The limit is a little different for everyone: that guy from Arizona you went camping with once who put on a parka because the night air dropped below 60 degrees; or the coworker who describes 40 below zero as a point where he can’t tell the difference, just that he’s dying faster.
For many people in the greater Cortland area, this weekend will test that limit.
The National Weather Service at Binghamton has issued a wind-chill warning and predicts lows of negative 7 tonight, with winds gusting to 24 mph. Expect wind chill factors somewhere between minus 25 and ohmigodpartsarefallingoff. Saturday will dawn brighter, but not much warmer; expect a high of 5 degrees, followed by a low Saturday night of negative 7.
The state Office for Aging and Director Greg Olsen warned older people to take steps to stay safe this weekend, but the advice is applicable to anyone with a pulse.
“Winter has always been an important time to check in on family, loved ones, and neighbors to make sure they are safe,” he said. “This kind of outreach is even more important now, during the pandemic, as older adults, persons with disabilities, and the chronically ill face even more extreme levels of social isolation that can make them especially vulnerable to winter safety risks at home.”
Guthrie warned people this week to take care of their skin, because the combination of the cold, dry air and constant washing to avoid spreading COVID-19 can damage skin. Take shorter showers, it advised, and lotion regularly.
Beyond that, don’t expose skin to such bitter cold for very long — those face masks that have been an annoyance for two years now are about to prove their worth in another way.
If you’re outside, watch for frostbite. Symptoms include cold skin and a prickling feeling, followed by numbness and inflamed or discolored skin, reports the Mayo Clinic. As it gets worse, skin may become hard or waxy-looking. You can treat the earliest stages, frostnip, by rewarming. More severe frostbite requires medical attention.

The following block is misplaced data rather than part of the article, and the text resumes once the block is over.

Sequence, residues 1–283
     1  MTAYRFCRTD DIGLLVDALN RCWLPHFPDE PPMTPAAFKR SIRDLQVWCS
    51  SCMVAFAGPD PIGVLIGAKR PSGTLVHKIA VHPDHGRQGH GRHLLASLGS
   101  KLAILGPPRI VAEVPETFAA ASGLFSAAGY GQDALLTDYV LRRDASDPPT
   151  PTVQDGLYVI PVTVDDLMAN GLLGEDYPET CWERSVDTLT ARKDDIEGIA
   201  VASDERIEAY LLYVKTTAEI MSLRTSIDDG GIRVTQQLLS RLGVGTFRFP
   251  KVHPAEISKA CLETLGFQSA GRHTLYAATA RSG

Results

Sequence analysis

Don’t get wet. Beyond not jumping into a pond, don’t dress so warmly that you perspire. Sweat chills. So dress in layers, the National Weather Service advises. Wear several loose-fitting light layers, rather than one heavy layer. Make sure you have hat, mittens and a mouth covering — balaclavas are back in style.
Remember the pets. Just because they have fur doesn’t mean they don’t get cold. Limit their time outdoors, and make sure they have plenty of food and water.
If you’re traveling, check the tire pressure — the cold can affect it — and make sure your antifreeze is sufficient and your heater and defroster work.
In your house, make sure you know how to shut off the water valves in your house; a power failure can cause pipes to freeze.
If you use a fireplace, wood stove, or portable kerosene heater to stay warm, be sure there is adequate ventilation to the outside, the state Office for Aging advises. Without enough fresh air, carbon monoxide fumes can build up in your home. Never use a natural gas or propane stove or oven to heat your home.
Keep space heaters — electric or kerosene — away from any flammable objects and do not leave them unattended. Follow the manufacturer’s guidelines.
If you supplement your heat with a wood stove or fireplace, now is a good time to test the smoke and carbon monoxide alarms, Olsen said. Replace the batteries if they’re more than a year old.